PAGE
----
205textnotes10

205textnotes10 - - The absolute refractory period. It comes...

Info iconThis preview shows page 1. Sign up to view the full content.

View Full Document Right Arrow Icon
- The absolute refractory period . It comes immediately after the action potential. During this period, it is impossible to excite the cell no matter how larger a stimulating current is applied. -The relative refractory period . It follows the absolute refractory period. During this period, it is possible to trigger an action potential only by applying a stimulus that is stronger than normal. Stimulus intensity is coded by the frequency of action potential (Figure 8-13) The Na + -K + -ATPase plays no direct role in the action potential. The pump just moves Na + and K + across the membrane against their concentration gradients to maintain internal ion concentrations. The amount of Na + that enters and K + that leaves during an action potential is very small and a neuron will continue to fire for an extended period of time even if the pump is blocked. The action potential can be conducted at rates that vary between 1 to 100 m/s. But it often lasts only 1 ms. The depolarization is spread by "local-circuit" current flow resulting from the potential difference between the active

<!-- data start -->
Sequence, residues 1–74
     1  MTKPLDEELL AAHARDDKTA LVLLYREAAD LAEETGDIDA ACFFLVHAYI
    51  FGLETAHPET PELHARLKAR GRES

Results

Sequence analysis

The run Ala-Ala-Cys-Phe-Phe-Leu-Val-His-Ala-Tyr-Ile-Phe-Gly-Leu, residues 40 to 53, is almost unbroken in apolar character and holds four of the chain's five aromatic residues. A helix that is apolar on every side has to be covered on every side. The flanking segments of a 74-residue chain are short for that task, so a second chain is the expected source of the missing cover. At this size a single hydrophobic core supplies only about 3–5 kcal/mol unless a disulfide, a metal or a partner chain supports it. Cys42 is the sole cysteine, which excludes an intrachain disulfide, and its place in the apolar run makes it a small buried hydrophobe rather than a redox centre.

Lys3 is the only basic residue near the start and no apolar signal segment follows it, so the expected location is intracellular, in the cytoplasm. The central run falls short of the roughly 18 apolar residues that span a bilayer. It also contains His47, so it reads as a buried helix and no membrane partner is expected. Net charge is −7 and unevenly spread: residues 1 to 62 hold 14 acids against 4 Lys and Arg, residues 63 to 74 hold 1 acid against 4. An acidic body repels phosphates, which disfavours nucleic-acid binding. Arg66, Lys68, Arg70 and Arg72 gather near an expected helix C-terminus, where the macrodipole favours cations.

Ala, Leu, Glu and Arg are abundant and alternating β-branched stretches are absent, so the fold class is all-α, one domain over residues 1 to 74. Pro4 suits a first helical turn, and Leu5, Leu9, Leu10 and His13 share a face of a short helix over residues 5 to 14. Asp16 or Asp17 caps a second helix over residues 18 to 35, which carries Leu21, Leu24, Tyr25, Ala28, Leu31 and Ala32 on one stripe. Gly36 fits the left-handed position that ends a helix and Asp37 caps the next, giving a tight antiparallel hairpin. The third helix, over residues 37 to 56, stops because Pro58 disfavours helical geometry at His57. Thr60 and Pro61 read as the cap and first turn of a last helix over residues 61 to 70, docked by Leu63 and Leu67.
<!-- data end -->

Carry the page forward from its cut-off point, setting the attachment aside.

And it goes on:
Background image of page 1
This is the end of the preview. Sign up to access the rest of the document.

This note was uploaded on 12/26/2011 for the course KIN 205 taught by Professor Blaber during the Fall '09 term at Simon Fraser.

Ask a homework question - tutors are online